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The many uses of motion capture

Posted by Tom Ghirardi on 1st November 2019

As a film and video game fanatic, I was recently lucky enough to enter the world of motion capture through work. In addition to enjoying an excellent hands-on experience with the equipment myself, I have begun to learn a lot more about this amazing technology and its multitude of uses.

In the past, VFX artists would often use a technique known as rotoscoping when looking to capture and animate a subject, where an animator would then trace over live-action footage for use in animated films, capturing realistic movements of actors. However, in more recent decades, motion capture — or mocap as it is sometimes referred to — has become the answer to bringing life-like animation to our screens.

Mocap has now become a staple feature in the entertainment world. In simple terms, it is the process of using a series of cameras to capture and develop a 3D representation of a subject. The technology often comes in active and passive forms. Passive mocap is the most common and the most accurate, simply using reflective markers over the subject that are then picked up by a series of surrounding infrared cameras. Active mocap, on the other hand, uses LED markers, which are connected by wires. Often the individual being captured wears a suit, onto which markers are placed across most of the subject’s joints so the cameras can pick up movements, and then more are positioned asymmetrically across the individual’s body.

It is generally agreed that the revolutionary equipment was first made famous in 2003, with Andy Serkis’s memorable portrayal of Gollum in the Lord of the Rings. The film was able to bring an entirely computer-generated character to life for the first time, using the physical expressions and movements of an actor and adding visual effects. Now, it has become a standard addition to many high-budget films such as Avatar, Ready Player One and the Marvel series. The technology has proved hugely popular, granting a whole new level of realism to characters in films, video games and even theatre, creating new levels of immersive experience for audiences.

Those with an interest in the video games industry are already enjoying the incredible benefits of mocap within a game. Gone are the days of pixelated stick-figures; many titles now feature prominent actors, such as Willem Dafoe and Keanu Reeves. Simply animating a video game character can only grant a certain level of realism. But with mocap, the movements are given a higher level of fluidity, much more akin to real life. Considering the increasing demands on large gaming companies to produce titles with more immersion and realism, this technology has become invaluable.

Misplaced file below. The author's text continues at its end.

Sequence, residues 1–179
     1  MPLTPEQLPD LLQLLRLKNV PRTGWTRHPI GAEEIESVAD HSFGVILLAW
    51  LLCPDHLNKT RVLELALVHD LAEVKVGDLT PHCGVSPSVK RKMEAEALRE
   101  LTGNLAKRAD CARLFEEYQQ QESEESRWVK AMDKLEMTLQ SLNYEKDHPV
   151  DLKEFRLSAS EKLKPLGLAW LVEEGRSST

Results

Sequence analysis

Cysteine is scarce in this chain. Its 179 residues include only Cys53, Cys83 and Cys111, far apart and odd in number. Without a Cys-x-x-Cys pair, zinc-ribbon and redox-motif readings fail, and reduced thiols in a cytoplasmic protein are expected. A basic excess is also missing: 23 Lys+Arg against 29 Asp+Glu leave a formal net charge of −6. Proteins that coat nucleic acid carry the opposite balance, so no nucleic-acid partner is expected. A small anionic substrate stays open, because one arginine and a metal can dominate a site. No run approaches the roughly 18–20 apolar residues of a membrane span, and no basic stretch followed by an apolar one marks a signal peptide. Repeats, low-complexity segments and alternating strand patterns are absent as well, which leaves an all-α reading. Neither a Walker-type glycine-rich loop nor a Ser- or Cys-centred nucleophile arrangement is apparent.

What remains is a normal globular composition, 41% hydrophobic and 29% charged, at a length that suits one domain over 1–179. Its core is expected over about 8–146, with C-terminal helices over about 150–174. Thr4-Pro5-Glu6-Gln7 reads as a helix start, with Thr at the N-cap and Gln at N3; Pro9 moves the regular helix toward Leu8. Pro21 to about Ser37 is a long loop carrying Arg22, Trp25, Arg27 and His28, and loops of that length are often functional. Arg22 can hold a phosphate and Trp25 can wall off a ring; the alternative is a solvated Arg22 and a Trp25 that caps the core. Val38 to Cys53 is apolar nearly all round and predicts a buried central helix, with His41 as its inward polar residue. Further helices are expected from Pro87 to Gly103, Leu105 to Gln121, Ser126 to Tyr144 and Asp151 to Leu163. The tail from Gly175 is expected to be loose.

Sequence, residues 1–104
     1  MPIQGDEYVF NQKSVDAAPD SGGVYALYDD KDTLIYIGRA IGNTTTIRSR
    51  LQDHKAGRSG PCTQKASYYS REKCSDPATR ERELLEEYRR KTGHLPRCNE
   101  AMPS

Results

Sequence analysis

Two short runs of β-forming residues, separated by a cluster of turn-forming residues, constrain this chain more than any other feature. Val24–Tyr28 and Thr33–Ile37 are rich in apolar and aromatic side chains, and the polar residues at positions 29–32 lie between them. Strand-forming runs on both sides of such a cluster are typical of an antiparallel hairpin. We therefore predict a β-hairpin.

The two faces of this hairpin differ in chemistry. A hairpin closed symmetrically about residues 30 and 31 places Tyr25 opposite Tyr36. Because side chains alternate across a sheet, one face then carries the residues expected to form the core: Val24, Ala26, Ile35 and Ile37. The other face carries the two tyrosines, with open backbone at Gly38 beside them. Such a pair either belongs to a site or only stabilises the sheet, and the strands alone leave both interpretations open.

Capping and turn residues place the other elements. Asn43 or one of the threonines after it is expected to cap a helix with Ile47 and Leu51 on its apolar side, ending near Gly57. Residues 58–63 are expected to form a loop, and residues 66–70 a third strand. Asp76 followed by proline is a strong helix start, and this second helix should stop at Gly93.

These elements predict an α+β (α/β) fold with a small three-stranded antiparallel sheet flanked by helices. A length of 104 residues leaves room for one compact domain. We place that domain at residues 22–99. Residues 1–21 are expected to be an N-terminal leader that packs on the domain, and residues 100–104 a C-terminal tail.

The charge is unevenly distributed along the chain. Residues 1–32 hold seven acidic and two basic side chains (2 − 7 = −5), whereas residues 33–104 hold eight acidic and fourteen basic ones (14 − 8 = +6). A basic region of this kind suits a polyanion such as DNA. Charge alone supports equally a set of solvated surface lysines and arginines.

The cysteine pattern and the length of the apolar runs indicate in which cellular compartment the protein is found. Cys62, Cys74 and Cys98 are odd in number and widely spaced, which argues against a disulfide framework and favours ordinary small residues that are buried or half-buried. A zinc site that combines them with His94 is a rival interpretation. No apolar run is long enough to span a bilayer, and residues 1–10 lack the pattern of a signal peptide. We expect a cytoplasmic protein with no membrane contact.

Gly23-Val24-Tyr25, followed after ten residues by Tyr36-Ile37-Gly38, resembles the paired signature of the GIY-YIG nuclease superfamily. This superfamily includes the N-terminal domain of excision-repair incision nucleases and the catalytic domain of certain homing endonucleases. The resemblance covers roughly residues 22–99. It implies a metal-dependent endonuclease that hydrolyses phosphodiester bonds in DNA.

Furthermore, the next stage in gaming has arrived with the introduction of location-based VR (LBVR). LBVR has enabled new companies to create VR arcades, allowing groups of players to battle out in realistic environments brought to life through VR headsets. LBVR is predicted to become a very popular form of entertainment, and as the technology improves, we can see larger groups of people engaging at the same time.

However, there is much more motion capture, which is now being used in a number of new and innovative ways across a variety of sectors. When it comes to the development of robotics and automation, tracking equipment can be used to produce accurate data by analysing the movements of everything from buildings to drones. Mocap assists in the development of automotive and aerospace innovations, being able to accurately measure and test equipment. With robotics and drones, the sensors can be used to help a machine successfully navigate around environments without collisions — particularly useful as autonomous drones are set to become increasingly integrated into our lives with deliveries and logistics.

Mocap also has a number of creative applications for life sciences. Athletes and sporting bodies alike have a huge stake in its benefits for improving performance, preventing injuries and speeding up rehabilitation. Many of the largest sporting teams across the globe have incredible amounts of money invested in their players, so injuries must be rectified as soon as possible when they occur. Mocap has had a huge influence on the process, offering the ability to track athletes and offer precise data and visual evidence to assist in monitoring the movements of a subject. This can even extend to animals, for example, in assessing where a horse or dog could sustain an injury during a race and exploring how this can be avoided. The technology offers researchers in medical sciences greater insights too, for example, working with individuals suffering from movement impairing diseases by analysing the way they move and looking for ways to help.

These are just a few of the many innovative uses for motion capture equipment. As the technology advances and develops further, it is likely that we will see a number of new creative applications appear!

Tom Ghirardi

Tom’s energy and enthusiasm is infectious, especially when it comes to creativity. Whether finding new angles to pitch clients, writing, brainstorming or organising events, Tom embraces these challenges wholeheartedly, not resting unless he’s got the result he wants. He also has a deep love for pre-history and Crystal Palace FC, which co-incidentally have dinosaurs in common! A graduate of international business, Tom started his career in B2B PR before transferring those learnings to tech at Wildfire.